Castles of Burgundy sequel Castles of Tuscany is a shorter and simpler version of the beloved board game
Construct thriving towns, quaint villages and serene monasteries in the beautiful Italian countryside in The Castles of Tuscany, the sequel to acclaimed board game Castles of Burgundy.
Following an image of the upcoming board game’s box posted to Twitter earlier this year by the This Game is Broken podcast, it appears that Castles of Tuscany will be a more straightforward version of its 2011 predecessor, after its rulebook was posted on BoardGameGeek by publisher Ravensburger.
Taking place after Burgundy’s High Middle Ages setting during the 15th century - the height of the Italian Renaissance - Castles of Tuscany sees players become entrepreneurial nobles looking to invest in the countryside and its natural resources.
It's not often an announcement makes me swear loudly in to an empty room but... A new standalone sequal to one of the greatest games of all time. @RavensburgerNA pic.twitter.com/43lBjFVlCe— This Game is Broken (@TGiBpodcast) January 30, 2020
Two to four players take turns to either draw two region cards, take a tile or play a tile on their region board. Castles of Tuscany takes place over three rounds, with each round’s length determined by how long it takes for players to spend all the tiles they have in their leftmost stack. In order to take a tile from the middle, players must replace it with one of their own tiles, as well as have space to store it on their player board. If the storage section of their player board is full, then they must permanently remove one of the tiles from the game.
To play a tile, players first need to discard two region cards of the same colour as the tile they want to place. Alternatively, players can use two cards of another colour instead of a single matching card. Tiles have different benefits depending on what they are. For example, placing a yellow monastery tile enables the player to then take three region card. Other tiles grant players victory points, such as agriculture tiles - which give victory points depending on the different types of agriculture in the same zone.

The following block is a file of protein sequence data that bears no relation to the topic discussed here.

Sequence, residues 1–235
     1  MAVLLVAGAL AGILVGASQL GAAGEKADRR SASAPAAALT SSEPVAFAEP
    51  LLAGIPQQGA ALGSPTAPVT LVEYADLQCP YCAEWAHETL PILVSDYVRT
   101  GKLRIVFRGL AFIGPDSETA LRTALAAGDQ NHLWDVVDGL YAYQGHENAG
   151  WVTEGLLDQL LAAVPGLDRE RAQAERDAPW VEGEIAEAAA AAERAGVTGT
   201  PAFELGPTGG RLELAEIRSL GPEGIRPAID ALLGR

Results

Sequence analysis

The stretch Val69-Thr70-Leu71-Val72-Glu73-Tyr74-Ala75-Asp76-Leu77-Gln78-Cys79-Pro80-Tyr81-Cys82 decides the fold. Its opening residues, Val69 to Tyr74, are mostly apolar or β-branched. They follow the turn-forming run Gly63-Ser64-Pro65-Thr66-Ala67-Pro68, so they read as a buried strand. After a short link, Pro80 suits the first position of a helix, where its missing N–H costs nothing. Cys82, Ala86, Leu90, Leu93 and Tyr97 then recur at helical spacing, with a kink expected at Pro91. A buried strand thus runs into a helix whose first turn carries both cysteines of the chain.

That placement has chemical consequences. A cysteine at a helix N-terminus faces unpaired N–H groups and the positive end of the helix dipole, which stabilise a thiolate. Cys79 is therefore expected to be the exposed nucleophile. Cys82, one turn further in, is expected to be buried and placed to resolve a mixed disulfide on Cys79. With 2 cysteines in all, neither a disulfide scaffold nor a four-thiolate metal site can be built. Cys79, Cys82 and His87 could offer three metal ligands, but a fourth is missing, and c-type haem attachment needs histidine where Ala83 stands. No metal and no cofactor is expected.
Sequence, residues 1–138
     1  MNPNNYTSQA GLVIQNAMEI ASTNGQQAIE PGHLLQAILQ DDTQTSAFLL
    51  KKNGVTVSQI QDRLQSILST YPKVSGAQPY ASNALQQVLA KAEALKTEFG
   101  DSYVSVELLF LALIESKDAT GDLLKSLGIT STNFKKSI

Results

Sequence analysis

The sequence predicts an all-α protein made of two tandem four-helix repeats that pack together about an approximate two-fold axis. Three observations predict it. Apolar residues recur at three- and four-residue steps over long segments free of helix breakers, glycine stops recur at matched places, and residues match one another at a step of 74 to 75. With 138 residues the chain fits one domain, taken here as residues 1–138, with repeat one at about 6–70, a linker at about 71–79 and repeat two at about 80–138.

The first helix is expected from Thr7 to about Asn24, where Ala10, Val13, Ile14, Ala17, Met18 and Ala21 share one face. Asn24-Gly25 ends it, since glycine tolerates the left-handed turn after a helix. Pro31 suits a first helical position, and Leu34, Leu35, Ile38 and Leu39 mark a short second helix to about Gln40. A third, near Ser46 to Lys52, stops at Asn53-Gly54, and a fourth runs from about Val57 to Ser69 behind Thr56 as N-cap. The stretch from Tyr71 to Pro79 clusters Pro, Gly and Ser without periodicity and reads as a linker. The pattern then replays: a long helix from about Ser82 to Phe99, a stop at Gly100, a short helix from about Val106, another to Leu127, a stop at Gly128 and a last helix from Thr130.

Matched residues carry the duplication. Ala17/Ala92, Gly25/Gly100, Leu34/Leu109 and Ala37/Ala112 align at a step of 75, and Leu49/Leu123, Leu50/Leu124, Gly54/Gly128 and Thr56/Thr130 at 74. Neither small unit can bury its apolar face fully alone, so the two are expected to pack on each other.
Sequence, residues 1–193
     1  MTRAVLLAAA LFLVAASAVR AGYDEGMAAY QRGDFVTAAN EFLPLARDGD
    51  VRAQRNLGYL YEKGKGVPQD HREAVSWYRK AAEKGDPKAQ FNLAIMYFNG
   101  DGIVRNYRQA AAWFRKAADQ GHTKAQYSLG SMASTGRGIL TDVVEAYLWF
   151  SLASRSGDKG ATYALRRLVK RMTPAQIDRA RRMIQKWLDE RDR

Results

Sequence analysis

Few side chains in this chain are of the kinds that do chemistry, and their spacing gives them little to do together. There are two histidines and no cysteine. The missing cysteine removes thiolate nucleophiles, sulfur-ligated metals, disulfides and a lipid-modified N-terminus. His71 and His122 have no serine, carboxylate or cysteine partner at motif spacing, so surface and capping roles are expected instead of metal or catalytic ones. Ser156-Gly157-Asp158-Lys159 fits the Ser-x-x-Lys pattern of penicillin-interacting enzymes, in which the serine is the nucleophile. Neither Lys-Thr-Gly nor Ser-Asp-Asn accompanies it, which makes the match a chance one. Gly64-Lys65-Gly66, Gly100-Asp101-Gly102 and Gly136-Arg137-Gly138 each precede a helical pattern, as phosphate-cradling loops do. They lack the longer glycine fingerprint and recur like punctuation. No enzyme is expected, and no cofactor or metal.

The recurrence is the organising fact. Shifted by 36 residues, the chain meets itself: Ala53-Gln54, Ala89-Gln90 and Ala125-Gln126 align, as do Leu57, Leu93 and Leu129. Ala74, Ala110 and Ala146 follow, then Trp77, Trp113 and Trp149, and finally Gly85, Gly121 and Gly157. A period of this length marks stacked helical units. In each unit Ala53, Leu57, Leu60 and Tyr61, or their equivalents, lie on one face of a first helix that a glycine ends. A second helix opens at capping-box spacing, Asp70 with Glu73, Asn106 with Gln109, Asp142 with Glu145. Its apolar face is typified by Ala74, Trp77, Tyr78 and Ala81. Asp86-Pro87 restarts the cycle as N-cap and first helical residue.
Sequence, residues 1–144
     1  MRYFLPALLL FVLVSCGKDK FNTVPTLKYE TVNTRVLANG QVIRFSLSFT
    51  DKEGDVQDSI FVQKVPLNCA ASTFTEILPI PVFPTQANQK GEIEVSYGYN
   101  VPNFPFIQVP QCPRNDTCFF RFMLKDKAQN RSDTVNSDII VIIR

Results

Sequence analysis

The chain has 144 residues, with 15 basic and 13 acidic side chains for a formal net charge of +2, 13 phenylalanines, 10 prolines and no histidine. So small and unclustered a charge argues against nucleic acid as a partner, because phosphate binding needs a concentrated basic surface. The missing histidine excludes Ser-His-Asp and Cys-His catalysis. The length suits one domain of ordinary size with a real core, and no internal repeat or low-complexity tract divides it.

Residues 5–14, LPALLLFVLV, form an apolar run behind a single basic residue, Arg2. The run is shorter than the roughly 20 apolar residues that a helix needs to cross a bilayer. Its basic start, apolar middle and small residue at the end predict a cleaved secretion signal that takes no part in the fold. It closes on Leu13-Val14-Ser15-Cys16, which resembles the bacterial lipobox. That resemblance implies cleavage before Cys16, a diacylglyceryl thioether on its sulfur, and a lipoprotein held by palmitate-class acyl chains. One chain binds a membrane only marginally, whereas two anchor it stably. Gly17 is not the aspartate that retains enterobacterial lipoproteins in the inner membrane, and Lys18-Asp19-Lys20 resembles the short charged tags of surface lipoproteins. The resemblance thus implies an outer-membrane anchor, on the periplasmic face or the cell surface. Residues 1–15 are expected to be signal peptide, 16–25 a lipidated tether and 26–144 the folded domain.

Other ways to gain points include filling up each coloured zone in a player’s region board with tiles and acquiring bonuses such as marble and worker tokens. Whichever player has the most points by the end of the third round is the winner.
The Castles of Burgundy - the first entry in the series - cast players as medieval French aristocrats and is often acclaimed as one of the best board games of the last decade. Players gradually built their individual princedoms by investing in settlements, silver mines, river trade and - of course - impressive castles. Taking place over five rounds with multiple stages involving dice and the distribution of goods, Castles of Burgundy also saw players attempting to collect the most victory points.
Castles of Burgundy has since been adapted into a card game and roll-and-write dice game, as well as being brought to mobile and PC as an app.
The creator of both Castles of Burgundy and Castles of Tuscany is Stefan Feld, whose most recently-announced game Bonfire - a fantasy board game about a group of gnomes who must reignite a series of bonfires by performing various tasks to prove their good will - will be released sometime later this year.
The Castles of Tuscany is being published by Alea, the Ravensburger-owned label behind the release of Castles of Burgundy as well as historical city-building games such as Puerto Rico and its card game spin-off San Juan.
There is currently no confirmed release date for The Castles of Tuscany, with Alea yet to officially announce the game.